I’ve been working on a side project at home the last few days to snipe hard to find restaurant reservations and came across a weird issue I’ve never experienced before while using the .NET framework.

The API I’m calling to find these opportunities returns a DateTime value in the format “2016-11-21T23:00:00-05:00” which could be read as “November 21st, 2016 11:00pm (EST)”. Now while we’ve read the “-05:00” as the timezone offset which equates to the Eastern Time Zone, it appears the .NET framework in the DateTime.Parse() method, takes that as a hint to adjust the value relative to the local timezone instead to “November 22nd, 2016 4:00am”. Can’t imagine any restaurant that is hard to get is open at 4am in the local time.

While on my laptop (using EST) it was working just fine, deploying this to say… an Azure instance (using UTC) introduces just enough frustration to want to kick puppies and pop a small child’s balloon in passing.

I’ve seen it for years in the intellisense popup in Visual Studio without ever looking at it, and now I know why it’s there. The lifesaving DateTimeOffset type works just like the DateTime type, but when fed the value I needed parsed instead sees the timezone value as an offset (thus the type’s name), not an adjustment hint.

 

Hopefully you see this before you do anything horrible to a young canine or child. For the record, doing either is mean. Asshole.

If you’ve ever had problems trying to target particular .NET frameworks, this cheat sheet put together by @bradwilson@onovotny, and myself a while ago might help. I’m not going to go into depth on about what PCLs are what targeting means with the new frameworks – I think Oren Novotny did a great job over on his blog with his articles…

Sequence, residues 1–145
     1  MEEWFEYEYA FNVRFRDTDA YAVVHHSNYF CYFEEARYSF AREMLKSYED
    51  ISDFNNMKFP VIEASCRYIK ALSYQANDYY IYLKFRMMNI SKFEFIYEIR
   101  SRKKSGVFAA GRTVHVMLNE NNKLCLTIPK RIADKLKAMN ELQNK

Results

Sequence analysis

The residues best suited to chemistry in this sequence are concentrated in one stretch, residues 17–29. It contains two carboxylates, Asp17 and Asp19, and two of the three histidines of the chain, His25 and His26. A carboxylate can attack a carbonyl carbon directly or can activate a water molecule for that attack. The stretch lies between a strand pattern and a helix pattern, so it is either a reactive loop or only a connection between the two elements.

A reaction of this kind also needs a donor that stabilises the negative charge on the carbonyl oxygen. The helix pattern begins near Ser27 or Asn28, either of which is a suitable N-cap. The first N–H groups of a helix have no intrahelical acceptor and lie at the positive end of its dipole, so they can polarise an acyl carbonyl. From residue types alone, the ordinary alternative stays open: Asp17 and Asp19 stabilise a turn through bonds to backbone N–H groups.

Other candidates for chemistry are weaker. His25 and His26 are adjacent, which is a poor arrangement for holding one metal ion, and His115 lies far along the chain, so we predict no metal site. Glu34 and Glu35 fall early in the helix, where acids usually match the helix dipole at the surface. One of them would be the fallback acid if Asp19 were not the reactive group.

Below is a static image of it at the time of this blog posting, or you can see the live version which will reflect updates shared here on OneDrive. I suggest opening it in the full fledged Excel as vertically rotated columns don’t render in the online version. If you see any updates that are needed, you can contact me on Twitter @William_Holroyd.

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I’m having a hard time trying to understand how Microsoft open sourcing .NET is going to help them, at least financially. I get that developers want to have the option of running on Linux, and that by doing this, they win the development community. Microsoft has a horrible history of not always choosing right over profitable.

With the status quo prior to this last week, the use of .NET on non-Windows machines meant you were a year or so behind the curve by using Mono. At least depending on what you wanted to implement – some of the asynchronous parts of the MVC framework is still out of reach, and both WPF and WCF were left entirely unimplemented.Continue reading